Keywords

eHealth Global health governance Information technology Internet Domain names Health Internet

Background

An international debate that may very well determine the future of online health information is currently underway, yet prospects for the global public health community and consumer protection advocates appear bleak following recent decisions by the Internet Corporation for Assigned Names and Numbers (“ICANN”) to proceed forward with the auction of a new .health top-level domain over the objections of numerous public health stakeholders [1]. At stake is the future of the “Health Internet”, a term used by the World Health Organization (“WHO”) to describe the wide range of benefits and risks the Internet now poses to individual consumers, health professionals, and local, national, and global public health systems [2].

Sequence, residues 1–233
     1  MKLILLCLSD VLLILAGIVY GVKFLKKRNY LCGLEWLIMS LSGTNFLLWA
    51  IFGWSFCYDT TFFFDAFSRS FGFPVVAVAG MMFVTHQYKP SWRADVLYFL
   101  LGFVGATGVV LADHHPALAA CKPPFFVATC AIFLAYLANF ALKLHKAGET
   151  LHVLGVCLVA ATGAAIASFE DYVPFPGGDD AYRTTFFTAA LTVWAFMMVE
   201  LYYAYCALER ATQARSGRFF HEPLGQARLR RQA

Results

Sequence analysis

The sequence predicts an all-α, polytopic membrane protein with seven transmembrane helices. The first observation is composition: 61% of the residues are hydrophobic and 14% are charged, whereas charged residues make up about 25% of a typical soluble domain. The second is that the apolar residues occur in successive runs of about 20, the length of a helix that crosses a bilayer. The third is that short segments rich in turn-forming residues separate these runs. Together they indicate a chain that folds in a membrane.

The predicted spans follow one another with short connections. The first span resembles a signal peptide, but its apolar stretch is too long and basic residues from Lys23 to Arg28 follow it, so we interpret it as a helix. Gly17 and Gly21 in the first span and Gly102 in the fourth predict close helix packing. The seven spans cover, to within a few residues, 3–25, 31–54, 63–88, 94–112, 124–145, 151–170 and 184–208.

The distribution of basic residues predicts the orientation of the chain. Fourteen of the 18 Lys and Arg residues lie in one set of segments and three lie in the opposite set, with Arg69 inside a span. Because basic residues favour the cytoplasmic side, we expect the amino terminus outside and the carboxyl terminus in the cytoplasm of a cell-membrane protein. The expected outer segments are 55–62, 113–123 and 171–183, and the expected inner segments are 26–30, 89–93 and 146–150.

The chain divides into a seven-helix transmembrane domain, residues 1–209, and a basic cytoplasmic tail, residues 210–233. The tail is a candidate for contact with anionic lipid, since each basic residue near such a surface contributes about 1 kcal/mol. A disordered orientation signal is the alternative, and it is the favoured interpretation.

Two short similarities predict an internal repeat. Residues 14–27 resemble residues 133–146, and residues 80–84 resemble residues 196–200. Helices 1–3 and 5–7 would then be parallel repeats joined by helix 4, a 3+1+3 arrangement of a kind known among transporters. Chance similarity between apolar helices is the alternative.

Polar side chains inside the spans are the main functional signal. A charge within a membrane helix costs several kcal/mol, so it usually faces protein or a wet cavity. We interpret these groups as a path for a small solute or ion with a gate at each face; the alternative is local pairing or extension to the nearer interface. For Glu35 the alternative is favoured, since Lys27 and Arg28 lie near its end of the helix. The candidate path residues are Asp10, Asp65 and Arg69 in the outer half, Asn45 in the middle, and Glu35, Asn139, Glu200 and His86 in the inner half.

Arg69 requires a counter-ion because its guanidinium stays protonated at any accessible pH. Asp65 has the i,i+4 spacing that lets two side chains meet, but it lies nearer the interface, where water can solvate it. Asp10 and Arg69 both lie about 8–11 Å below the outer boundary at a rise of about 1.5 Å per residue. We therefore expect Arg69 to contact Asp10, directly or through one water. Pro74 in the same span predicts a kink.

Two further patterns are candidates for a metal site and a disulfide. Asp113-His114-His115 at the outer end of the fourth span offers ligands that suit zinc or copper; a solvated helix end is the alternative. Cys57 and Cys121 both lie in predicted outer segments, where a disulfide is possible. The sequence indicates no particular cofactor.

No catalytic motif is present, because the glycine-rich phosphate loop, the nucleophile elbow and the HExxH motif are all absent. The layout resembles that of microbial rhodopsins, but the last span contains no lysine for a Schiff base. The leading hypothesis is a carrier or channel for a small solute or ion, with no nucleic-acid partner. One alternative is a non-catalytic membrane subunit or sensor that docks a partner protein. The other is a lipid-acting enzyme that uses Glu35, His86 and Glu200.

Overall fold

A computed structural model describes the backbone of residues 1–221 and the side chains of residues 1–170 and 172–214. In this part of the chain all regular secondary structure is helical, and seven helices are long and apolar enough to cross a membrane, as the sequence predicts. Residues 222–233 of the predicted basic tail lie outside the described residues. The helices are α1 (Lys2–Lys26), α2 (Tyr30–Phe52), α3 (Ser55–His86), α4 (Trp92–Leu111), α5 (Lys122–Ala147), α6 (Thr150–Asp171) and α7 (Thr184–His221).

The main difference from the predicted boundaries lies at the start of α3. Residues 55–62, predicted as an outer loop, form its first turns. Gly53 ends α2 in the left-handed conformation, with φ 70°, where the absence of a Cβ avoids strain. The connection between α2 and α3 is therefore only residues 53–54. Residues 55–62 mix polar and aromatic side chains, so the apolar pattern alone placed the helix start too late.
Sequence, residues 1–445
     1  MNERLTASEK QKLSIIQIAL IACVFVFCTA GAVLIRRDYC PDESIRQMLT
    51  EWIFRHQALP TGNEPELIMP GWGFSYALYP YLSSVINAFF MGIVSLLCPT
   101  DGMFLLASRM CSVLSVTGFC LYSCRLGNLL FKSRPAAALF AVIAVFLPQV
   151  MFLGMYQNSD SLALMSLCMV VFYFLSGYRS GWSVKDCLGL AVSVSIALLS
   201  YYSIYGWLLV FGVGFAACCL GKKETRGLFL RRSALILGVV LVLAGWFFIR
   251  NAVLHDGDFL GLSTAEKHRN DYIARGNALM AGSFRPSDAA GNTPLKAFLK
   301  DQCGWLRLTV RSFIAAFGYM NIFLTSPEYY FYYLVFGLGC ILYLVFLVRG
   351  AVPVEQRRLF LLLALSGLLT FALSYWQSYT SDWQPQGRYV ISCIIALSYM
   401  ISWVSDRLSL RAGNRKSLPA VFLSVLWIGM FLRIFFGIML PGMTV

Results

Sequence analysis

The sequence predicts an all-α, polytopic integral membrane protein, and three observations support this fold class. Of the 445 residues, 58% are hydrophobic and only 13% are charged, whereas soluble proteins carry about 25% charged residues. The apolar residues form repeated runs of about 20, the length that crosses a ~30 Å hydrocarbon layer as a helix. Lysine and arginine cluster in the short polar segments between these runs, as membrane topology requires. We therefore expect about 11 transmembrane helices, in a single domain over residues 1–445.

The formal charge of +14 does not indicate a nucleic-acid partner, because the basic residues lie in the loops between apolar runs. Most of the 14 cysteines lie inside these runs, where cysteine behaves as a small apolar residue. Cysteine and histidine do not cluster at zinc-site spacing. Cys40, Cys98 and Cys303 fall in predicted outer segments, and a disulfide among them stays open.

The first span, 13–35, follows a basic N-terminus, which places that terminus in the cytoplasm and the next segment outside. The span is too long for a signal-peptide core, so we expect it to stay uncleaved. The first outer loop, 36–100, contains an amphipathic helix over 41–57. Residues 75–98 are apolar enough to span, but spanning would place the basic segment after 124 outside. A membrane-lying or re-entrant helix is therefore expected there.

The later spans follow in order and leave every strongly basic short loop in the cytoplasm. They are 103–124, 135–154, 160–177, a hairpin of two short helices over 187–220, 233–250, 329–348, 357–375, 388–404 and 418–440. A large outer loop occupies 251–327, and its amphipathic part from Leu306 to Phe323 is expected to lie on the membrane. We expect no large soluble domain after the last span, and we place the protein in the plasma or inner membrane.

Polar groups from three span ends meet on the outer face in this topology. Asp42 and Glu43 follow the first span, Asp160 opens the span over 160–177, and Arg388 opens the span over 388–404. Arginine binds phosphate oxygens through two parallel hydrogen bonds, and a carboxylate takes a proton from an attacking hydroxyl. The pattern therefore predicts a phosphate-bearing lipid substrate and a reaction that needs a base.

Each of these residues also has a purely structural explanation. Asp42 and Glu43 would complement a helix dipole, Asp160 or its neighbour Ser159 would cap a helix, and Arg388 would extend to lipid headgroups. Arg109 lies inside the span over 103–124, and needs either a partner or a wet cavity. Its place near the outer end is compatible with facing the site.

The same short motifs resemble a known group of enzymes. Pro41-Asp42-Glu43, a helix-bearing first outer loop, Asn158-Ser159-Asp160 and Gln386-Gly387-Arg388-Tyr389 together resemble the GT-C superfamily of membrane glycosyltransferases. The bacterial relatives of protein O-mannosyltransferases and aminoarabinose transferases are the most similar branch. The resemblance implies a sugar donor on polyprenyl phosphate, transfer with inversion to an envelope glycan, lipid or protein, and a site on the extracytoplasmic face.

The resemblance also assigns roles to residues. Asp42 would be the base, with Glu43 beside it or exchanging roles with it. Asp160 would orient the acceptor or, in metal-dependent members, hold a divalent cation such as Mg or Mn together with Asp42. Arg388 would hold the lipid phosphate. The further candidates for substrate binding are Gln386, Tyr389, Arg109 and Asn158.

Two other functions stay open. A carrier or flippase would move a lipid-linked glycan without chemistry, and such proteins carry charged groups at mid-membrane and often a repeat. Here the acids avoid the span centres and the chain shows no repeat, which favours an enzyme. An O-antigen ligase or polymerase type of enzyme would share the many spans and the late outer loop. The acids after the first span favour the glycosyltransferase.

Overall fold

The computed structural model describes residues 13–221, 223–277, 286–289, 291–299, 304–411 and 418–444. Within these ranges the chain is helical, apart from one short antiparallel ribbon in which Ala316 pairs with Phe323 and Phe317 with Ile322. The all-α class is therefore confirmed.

Wikipedia, the world's largest reference website and a product of the modern digital age, aptly describes the Internet as a global system of interconnected computer networks that connects billions of devices worldwide, many of which now predominantly feature and deliver health information and services (e.g., websites, social media platforms, mHealth applications, connected devices) [3]. In order to ensure that global users can navigate and understand this vast network of resources, the Internet uses unique, hierarchical identifiers to organize the global Internet name space into familiar constructs like website names and e-mail addresses [4]. The top-level domains (“TLD”) are the highest level of this naming system consisting of names in the root zone, or simply everything after the final dot in a web address (i.e., http://www.example.[COM]). Just below TLDs are the second-level domains (“SLD”), generally managed by domain name registrars (i.e., http://www.[EXAMPLE].com). For the most part, anyone who has owned a website URL at some time has bought its name from a domain name registrar.